Jonathan Edwards

’ Contribution To Literature Essay, Research Paper Jonathan Edwards was born in 1703 in Connecticut. At the age of thirteen after being educated in his home, Edwards attended Yale. During his education Edwards re-discovered his religion. He continued his religious pursuit after graduation in New York City as a minister in a Presbyterian church.

’ Contribution To Literature Essay, Research Paper

Jonathan Edwards was born in 1703 in Connecticut. At the age of thirteen after being educated in his home, Edwards attended Yale. During his education Edwards re-discovered his religion. He continued his religious pursuit after graduation in New York City as a minister in a Presbyterian church. In 1727 Edwards served under his grandfather Solomon Stoddard who was the chief minister of the church of Northampton, Massachusetts. Two years later Stoddard died and Edwards replaced his grandfather. He remained the church s chief minister for over twenty years. Edwards was known for his intense, emotion-stirring sermons throughout the colonies. He did not mean to cause such frenzy among the congregation; he meant to show them the path to glory. Being considered the country s first genius, Edwards had a command of the English language seldom seen at or since his time. His sermons reached into the listener s mind and touched the actual senses. His choice of words caused much imagery, thought, contemplation, and especially fear among those who read or heard his works. This ability to use simile, metaphor, as well as other descriptive narrative to cause such emotional and sensory feeling was Jonathan Edwards most significant contribution to literature.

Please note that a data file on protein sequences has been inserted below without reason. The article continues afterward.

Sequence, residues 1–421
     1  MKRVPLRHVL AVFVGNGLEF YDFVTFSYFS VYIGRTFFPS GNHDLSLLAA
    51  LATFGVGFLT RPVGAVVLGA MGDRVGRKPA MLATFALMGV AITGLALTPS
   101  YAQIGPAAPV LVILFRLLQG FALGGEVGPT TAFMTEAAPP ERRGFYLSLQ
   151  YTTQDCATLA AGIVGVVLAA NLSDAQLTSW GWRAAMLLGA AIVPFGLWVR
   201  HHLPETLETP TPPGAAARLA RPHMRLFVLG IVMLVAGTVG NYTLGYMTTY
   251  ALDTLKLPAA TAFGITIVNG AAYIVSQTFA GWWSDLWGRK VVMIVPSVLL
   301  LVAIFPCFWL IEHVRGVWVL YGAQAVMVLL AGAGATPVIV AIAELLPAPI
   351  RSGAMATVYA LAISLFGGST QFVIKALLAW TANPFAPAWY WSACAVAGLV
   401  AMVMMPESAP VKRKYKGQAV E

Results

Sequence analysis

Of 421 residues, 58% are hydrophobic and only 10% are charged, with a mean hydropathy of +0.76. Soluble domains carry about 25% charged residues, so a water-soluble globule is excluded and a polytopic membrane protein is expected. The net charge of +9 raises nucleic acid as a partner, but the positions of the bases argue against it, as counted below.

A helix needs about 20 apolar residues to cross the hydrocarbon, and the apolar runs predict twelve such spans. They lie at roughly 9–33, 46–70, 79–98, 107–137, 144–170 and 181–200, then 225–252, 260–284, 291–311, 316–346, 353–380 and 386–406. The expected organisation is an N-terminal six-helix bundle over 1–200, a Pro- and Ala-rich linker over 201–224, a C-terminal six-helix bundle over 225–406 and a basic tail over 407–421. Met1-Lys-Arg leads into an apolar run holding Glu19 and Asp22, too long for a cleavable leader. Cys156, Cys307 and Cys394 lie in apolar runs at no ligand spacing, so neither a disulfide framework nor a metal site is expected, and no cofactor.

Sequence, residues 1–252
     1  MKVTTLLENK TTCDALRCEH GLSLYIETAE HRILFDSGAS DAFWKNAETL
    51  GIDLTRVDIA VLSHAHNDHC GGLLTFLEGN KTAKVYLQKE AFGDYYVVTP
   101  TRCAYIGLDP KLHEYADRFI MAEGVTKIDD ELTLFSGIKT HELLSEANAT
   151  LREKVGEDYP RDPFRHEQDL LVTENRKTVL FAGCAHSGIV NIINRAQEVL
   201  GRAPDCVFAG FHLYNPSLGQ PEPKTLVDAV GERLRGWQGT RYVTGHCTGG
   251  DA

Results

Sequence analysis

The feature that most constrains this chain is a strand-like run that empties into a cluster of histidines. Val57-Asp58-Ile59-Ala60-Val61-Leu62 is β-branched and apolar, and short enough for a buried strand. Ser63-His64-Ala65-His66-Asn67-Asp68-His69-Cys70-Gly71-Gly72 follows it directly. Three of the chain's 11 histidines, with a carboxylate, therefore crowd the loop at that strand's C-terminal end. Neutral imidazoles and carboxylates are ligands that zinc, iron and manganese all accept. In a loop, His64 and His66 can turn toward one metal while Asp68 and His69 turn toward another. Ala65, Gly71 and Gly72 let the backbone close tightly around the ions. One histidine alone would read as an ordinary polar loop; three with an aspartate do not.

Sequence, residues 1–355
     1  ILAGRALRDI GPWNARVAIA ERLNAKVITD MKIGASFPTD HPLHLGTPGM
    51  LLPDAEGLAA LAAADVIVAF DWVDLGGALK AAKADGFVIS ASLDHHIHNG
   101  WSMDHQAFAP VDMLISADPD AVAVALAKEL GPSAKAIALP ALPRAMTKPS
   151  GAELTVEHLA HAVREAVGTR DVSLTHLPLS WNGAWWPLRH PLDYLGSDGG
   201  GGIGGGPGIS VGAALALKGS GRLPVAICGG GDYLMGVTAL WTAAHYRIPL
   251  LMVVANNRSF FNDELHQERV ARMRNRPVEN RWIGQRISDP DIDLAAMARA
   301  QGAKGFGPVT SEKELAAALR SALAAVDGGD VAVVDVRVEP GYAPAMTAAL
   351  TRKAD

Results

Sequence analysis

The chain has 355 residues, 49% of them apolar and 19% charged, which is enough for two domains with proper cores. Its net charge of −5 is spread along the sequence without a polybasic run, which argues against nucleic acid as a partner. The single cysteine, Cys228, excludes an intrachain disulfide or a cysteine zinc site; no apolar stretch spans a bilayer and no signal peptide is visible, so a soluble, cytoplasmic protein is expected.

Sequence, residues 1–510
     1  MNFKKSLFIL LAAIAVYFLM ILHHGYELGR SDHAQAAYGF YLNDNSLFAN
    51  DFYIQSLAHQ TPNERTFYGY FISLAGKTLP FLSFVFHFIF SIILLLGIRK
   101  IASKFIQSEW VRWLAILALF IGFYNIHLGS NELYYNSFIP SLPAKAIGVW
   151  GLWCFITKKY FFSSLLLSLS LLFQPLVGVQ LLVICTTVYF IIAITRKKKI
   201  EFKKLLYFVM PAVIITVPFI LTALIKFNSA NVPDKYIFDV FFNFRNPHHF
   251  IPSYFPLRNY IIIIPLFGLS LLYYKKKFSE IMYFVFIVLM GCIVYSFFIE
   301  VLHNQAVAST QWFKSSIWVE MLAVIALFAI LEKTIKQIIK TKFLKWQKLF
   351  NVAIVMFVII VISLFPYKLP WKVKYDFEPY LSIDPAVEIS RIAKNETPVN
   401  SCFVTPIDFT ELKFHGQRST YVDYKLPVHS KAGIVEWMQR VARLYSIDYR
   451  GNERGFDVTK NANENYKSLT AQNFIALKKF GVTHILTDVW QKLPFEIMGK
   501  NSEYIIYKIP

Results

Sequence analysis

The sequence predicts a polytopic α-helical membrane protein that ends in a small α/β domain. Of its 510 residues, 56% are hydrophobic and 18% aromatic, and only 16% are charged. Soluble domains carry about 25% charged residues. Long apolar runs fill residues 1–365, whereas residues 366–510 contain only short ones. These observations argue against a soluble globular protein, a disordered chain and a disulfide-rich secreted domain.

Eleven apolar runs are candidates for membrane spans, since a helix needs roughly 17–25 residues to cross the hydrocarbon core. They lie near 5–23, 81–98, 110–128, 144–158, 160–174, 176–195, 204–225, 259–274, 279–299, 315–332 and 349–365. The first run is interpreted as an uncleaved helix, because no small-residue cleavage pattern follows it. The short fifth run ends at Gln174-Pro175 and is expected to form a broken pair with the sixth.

Jonathan Edwards sermons were written in a manner that caused the listener to imagine what it was he was trying to convey. In almost all of his descriptions of the soul and what was taking place to it, the listener can see what it was he was describing: hell opens its mouth wide to receive them; and if God should permit it, they would be hastily swallowed up and lost. (Edwards 286). This brings a sight of the ground opening up at any time below the listener and being taken away with no regard. The listeners have a view of themselves, which is very frightening, indeed. Some imagery is easy to see and needs no further explanation: There are the black clouds of God s wrath now hanging directly over your heads, full of the dreadful storm and big with thunder; and if it were not for the restraining hand of God, it would immediately burst forth upon you. (289). Although the last quote depicts God as somewhat caring, some of Edwards descriptions were less pleasant: The God that hold you over the pit of hell, much as one holds a spider or some loathsome insect over the fire, abhors you and is dreadfully provoked (290) you are ten thousand times more abominable in His eyes than the most hateful and venomous serpent is in ours. (290). Another description that paints a rather dismal picture of God for the listener is: God will be so far from pitying you when you cry to him, that it is said he will only laugh and mock (292). Even in Edwards unpublished notes he used simile easily imagined: As the sun, by rising out of darkness and from under the earth, raises the whole world with him so Christ raises all His church with him (297). In describing the wrath of God and the listener s eternal misery, when you look forward, you shall see a long forever, a boundless duration before you which will swallow up your thoughts and amaze your soul (293). The lack of sight was the message in, The arrows of death fly unseen at noonday; the sharpest sight cannot discern them. (286).